Welcome to the Onshape forum! Ask questions and join in the discussions about everything Onshape.First time visiting? Here are some places to start:
- Looking for a certain topic? Check out the categories filter or use Search (upper right).
- Need support? Ask a question to our Community Support category.
- Please submit support tickets for bugs but you can request improvements in the Product Feedback category.
- Be respectful, on topic and if you see a problem, Flag it.
Standard Parts - what is the best way to reuse them?
Standard Parts Documents - A discussion.
The topic of standard parts comes up with enough regularity that I thought it would be worth having a discussion here. In an ideal world there would (will) be integrations with content aggregators and part vendors AND there will be inter-document relationships - both of which will make the current situation a lot easier. This thread is an intellectual exercise to poll the collective minds of Onshape users to answer the question;
What is the most practical solution today?”
This is a first attempt at looking at the issues and offering a solution. Many of you will think there are better ways - that is what the ‘reply’ button is for
I am assuming that you have a good understanding of the mechanisms available in Onshape
For one-off purchase or standard parts, simply uploading that part into your current document is an obvious route. It might make sense also to create an “Acme standard parts document” - a document containing multiple tabs, each containing an approved part/sub-assembly. When you want to use one, copy and paste that tab into your target document. Have the standard parts document always open either as another tab on your main browser window, or as a separate browser window on another monitor to make this quicker/easier.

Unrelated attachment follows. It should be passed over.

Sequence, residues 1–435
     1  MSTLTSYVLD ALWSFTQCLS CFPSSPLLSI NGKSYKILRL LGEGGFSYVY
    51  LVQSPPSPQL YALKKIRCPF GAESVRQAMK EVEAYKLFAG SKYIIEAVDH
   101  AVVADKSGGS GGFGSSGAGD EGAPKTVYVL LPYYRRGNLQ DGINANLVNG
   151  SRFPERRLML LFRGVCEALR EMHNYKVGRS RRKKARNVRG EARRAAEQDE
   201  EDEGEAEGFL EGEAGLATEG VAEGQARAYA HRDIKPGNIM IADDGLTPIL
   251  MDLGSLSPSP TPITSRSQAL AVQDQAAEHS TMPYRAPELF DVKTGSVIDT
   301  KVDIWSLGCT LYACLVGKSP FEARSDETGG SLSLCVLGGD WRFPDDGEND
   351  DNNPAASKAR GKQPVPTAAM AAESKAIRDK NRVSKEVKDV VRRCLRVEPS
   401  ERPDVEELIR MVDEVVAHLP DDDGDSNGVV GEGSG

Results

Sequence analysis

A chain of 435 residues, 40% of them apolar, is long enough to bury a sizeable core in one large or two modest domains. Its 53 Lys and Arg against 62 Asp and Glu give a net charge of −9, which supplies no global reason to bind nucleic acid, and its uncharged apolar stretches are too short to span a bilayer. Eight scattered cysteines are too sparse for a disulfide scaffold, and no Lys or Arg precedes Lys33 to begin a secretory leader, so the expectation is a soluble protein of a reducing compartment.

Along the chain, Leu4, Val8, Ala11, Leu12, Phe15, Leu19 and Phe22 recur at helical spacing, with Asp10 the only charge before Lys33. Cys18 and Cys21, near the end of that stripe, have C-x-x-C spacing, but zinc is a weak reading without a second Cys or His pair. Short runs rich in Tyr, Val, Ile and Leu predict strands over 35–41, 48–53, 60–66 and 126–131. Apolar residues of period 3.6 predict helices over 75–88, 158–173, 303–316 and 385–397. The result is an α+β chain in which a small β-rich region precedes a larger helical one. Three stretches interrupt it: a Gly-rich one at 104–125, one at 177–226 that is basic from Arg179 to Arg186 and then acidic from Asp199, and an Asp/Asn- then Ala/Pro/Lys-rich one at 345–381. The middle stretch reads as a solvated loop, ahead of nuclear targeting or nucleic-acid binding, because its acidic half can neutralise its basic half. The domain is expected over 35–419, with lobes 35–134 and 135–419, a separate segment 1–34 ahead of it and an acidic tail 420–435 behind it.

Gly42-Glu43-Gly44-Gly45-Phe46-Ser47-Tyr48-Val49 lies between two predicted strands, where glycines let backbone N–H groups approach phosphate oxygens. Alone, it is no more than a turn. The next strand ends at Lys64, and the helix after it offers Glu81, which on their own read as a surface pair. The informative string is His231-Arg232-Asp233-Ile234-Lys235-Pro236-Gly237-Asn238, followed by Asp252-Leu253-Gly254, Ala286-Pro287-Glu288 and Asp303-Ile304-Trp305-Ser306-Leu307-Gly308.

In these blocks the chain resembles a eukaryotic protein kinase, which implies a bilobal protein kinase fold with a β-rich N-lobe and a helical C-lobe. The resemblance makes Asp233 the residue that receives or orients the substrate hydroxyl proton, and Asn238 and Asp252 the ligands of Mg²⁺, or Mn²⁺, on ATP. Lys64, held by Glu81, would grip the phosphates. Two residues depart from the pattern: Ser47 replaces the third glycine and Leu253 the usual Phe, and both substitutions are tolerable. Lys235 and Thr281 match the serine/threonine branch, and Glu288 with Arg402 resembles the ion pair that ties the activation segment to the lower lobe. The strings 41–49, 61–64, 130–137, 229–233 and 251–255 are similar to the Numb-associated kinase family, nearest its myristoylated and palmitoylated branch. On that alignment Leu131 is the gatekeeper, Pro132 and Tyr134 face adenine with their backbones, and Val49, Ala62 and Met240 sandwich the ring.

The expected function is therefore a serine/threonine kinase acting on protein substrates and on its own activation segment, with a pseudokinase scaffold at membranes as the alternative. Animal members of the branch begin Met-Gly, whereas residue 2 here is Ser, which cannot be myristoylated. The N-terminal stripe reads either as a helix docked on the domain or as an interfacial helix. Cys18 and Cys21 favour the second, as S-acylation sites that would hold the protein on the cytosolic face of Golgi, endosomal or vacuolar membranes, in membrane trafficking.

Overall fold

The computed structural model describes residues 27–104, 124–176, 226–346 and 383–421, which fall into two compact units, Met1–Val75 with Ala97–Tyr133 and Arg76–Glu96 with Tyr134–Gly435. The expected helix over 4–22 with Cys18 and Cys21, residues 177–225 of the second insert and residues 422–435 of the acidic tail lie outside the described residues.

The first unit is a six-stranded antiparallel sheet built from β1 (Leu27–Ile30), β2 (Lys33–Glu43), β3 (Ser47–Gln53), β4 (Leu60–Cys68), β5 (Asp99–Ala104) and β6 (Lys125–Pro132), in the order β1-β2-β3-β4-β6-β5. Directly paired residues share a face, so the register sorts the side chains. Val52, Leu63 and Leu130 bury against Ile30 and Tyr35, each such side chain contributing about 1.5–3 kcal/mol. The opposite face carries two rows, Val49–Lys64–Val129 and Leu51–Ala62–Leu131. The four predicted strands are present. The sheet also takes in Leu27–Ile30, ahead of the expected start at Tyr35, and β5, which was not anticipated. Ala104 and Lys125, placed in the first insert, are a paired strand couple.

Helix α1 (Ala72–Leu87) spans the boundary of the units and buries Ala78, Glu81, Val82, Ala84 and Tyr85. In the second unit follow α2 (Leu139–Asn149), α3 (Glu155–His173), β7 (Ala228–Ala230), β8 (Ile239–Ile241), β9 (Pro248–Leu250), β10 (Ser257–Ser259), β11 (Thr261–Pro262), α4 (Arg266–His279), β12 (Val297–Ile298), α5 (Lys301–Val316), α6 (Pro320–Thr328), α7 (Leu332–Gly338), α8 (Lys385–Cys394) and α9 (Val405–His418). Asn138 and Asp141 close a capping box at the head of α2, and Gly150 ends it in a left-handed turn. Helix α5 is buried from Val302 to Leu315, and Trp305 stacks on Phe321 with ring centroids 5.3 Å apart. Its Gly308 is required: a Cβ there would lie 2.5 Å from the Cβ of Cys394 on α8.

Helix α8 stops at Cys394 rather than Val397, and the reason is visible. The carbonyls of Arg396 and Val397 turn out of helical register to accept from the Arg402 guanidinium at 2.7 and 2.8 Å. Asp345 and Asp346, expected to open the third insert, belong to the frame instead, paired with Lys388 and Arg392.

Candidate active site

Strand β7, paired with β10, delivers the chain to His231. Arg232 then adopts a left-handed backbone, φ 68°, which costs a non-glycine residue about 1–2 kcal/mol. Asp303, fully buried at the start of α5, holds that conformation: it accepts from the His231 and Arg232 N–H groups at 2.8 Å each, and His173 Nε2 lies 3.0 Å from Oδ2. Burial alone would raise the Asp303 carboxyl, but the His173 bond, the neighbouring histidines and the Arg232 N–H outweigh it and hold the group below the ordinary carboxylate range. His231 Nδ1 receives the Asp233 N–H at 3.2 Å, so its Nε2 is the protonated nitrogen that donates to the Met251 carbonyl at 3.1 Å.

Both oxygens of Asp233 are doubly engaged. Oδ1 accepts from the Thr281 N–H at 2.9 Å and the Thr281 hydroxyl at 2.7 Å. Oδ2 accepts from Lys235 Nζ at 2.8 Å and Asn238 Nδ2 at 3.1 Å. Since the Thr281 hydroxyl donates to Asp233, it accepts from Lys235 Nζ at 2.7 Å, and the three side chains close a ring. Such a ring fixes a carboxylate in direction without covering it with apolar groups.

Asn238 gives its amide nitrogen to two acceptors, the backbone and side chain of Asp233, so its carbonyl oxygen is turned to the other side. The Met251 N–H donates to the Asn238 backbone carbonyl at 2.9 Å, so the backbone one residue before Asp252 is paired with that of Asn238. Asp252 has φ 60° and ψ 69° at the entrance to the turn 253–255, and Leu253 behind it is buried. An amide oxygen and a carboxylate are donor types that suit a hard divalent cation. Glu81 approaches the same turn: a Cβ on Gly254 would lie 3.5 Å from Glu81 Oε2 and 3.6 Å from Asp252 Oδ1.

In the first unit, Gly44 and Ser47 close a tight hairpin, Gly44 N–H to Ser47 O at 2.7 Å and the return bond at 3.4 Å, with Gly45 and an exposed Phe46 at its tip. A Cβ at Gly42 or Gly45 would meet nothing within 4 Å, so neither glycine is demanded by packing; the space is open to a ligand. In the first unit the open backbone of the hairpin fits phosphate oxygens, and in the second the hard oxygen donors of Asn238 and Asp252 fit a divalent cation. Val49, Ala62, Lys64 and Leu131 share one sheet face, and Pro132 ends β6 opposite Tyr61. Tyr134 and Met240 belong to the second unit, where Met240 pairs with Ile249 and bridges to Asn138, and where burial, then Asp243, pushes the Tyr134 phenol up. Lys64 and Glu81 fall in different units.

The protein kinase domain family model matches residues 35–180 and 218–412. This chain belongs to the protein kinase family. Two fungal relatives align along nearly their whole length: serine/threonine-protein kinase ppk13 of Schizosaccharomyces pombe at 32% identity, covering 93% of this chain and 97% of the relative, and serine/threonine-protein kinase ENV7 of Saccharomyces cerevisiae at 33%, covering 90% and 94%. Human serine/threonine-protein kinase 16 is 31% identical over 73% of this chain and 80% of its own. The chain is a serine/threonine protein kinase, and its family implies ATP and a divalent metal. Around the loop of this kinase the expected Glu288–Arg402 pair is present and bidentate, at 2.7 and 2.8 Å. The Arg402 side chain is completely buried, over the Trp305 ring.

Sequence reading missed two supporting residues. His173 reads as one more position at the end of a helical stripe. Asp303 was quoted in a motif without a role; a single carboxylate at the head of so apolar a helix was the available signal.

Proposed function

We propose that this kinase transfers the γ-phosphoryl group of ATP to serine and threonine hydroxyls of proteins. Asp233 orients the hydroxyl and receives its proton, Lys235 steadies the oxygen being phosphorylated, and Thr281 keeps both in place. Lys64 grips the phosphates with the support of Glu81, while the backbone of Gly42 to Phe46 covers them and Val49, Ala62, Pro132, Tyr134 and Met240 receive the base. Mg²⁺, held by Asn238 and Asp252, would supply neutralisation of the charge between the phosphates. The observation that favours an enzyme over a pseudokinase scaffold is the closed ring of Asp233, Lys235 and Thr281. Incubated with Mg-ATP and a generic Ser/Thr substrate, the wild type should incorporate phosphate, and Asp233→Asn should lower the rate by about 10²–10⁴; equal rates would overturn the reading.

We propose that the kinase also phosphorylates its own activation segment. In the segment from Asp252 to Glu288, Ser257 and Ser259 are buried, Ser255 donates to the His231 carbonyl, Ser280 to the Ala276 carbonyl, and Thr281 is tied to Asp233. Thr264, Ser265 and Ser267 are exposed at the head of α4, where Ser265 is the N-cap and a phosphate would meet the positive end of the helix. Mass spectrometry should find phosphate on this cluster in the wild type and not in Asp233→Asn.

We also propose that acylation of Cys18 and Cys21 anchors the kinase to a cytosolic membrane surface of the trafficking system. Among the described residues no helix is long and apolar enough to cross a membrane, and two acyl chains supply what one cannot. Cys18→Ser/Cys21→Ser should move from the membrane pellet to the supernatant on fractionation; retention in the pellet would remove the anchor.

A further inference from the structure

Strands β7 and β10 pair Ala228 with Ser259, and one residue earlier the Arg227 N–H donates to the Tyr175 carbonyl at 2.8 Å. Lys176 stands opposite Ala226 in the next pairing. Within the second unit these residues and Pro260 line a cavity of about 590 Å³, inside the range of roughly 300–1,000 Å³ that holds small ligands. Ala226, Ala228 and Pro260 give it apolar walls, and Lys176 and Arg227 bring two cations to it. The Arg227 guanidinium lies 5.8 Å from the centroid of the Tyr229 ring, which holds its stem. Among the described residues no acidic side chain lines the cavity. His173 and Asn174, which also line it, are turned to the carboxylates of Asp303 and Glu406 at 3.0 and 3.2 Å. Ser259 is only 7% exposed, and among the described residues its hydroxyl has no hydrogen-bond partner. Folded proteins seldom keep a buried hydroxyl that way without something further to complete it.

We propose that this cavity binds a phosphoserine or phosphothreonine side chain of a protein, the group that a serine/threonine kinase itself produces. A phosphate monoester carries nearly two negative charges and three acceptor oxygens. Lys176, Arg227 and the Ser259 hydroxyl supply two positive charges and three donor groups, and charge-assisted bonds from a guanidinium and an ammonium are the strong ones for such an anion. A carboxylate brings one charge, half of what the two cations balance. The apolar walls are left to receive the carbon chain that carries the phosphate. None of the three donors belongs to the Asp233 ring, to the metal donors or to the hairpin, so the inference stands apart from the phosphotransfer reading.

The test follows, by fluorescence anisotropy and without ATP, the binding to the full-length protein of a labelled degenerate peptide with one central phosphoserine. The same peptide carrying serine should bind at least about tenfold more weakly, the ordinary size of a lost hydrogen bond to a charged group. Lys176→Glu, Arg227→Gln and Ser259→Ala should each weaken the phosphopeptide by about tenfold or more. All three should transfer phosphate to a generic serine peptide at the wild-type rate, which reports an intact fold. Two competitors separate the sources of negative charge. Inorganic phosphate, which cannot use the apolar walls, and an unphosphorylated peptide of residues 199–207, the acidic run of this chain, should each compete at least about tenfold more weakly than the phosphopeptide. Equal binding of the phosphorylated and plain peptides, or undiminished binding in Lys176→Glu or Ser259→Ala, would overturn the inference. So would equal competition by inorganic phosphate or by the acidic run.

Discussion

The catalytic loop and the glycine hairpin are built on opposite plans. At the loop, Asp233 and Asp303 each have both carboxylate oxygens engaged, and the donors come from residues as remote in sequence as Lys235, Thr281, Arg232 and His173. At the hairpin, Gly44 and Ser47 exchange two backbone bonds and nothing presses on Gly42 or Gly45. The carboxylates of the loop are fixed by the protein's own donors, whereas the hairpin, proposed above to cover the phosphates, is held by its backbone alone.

But what about items that are typically ‘configured’ and more importantly, sometimes substituted? Here think of fasteners.
I wondered what it would take to develop a methodology that would allow a user to insert a named fastener into an assembly and then have the ability to substitute one fastener for another without having to reinsert and re-mate the replacement. Here is my first pass.
There are three (public) documents for you to play with (in the order we will look at them);
Lets start at the end - the Gearbox document contains a number of metric SHCS’s
Each group of screws (3 top and 3 bottom) are 3 instances of a part inserted from another part studio (two different parts studios). If all the screws were always the same, there would have been six instances of a single part inserted from a single part studio.
If you switch to the ‘Top Screws’ tab you will see that there are a series of features that produce a single body (part) and that it looks like there are 3 different lengths of an m3 and 3 different length of an m5. You can probably also guess that because all but the m3x10 features are suppressed that you are looking at an m3x10 and you would be right. The actual features are an extrude that creates an encompassing cylinder and a series of ‘delete part’ features that selectively delete all but one of the bodies imported into this part studio and finally a boolean that intersects all the bodies present to produce a single result. The feature list is rounded off by a mate connector attached to the origin.